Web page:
Feds Granted Court Extension as Assisted Dying Bill Debated in Senate

Feds Granted Court Extension as Assisted Dying Bill Debated in Senate
Justice Minister David Lametti at a news conference in Ottawa on Nov. 26, 2020. (Adrian Wyld/The Canadian Press)
Justina Wheale

A Quebec judge has granted the federal government another delay in bringing medical assistance in dying legislation into line with a ruling from the province’s Superior Court.

The new deadline to pass the proposed legislation is now Feb. 26, a date requested by Justice Minister and Attorney General David Lametti.

The decision comes as senators debated the legislation this week in attempts to meet the previous Dec. 18 deadline. The government’s representative in the Senate, Sen. Marc Gold, conceded that the upper house won’t finish its consideration of Bill C−7 until mid-February—long past the previous court-imposed deadline that was set to expire Friday.

Even if there was consensus on the controversial bill it would have been a tight deadline to meet, as senators had just a week to debate the bill before the original deadline. However, senators continued to raise concerns about the legislation during the second reading, and suggested amendments would be forthcoming.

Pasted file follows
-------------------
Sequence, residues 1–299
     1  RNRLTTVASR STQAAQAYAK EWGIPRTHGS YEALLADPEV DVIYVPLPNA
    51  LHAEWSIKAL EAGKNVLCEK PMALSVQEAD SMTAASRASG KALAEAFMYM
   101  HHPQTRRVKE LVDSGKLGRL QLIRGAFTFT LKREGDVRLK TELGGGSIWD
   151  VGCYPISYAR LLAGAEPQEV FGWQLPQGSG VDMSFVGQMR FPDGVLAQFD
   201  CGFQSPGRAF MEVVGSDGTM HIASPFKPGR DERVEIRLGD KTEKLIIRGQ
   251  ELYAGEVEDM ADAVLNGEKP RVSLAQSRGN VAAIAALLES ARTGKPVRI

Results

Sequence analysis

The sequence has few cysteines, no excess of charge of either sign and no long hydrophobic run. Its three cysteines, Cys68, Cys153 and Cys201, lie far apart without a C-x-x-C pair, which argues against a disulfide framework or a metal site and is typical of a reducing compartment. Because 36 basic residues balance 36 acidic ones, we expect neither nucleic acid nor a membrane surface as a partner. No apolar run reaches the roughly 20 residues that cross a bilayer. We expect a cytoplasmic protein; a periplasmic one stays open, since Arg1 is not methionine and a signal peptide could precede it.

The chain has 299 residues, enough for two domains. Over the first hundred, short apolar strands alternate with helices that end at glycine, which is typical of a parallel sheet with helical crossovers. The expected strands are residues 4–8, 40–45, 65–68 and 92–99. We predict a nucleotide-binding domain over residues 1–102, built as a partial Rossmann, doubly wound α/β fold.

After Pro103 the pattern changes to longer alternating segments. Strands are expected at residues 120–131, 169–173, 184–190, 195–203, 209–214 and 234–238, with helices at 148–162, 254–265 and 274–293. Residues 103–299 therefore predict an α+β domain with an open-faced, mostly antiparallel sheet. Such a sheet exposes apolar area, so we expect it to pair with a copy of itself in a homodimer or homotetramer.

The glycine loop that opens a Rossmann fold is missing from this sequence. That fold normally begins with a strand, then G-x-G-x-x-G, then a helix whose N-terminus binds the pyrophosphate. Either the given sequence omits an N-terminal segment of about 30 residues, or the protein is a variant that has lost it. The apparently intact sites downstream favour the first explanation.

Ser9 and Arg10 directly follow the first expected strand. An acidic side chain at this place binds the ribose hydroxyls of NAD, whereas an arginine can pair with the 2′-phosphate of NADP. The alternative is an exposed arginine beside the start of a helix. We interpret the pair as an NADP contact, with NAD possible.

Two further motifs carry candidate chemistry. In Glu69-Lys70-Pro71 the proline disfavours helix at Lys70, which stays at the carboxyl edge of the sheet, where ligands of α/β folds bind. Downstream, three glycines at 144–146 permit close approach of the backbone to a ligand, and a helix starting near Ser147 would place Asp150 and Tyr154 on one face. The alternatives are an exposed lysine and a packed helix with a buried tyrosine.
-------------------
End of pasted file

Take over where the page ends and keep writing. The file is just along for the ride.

During debate on Dec. 16, Conservative Senate leader Donald Plett called Bill C-7 “frighteningly flawed” and promised “there will be amendments.”

“I don’t care how often we have to send it back. There are safeguards that have been taken out of this bill. ... If those safeguards are not in there, I will never vote for this bill,” he said.

In a statement, Gold said he had hoped the Senate could finish dealing with the bill before the previous deadline.

"Because the Senate received the bill so late in the calendar, fast-tracking Bill C-7 through all stages by December 18 would have required the unanimous consent of all senators,’’ he said.

"But given the significance of this legislation, senators have expressed a legitimate desire to fulfill their constitutional role of sober second thought."

 A view of the Senate chamber on Parliament Hill. (The Canadian Press/Sean Kilpatrick)
A view of the Senate chamber on Parliament Hill. (The Canadian Press/Sean Kilpatrick)

The bill attempts to bring the federal law into compliance with a September 2019 Quebec Superior Court ruling by Justice Christine Baudouin, who found it unconstitutional to only allow MAiD for people near death, as prescribed in the current law, Bill C-14.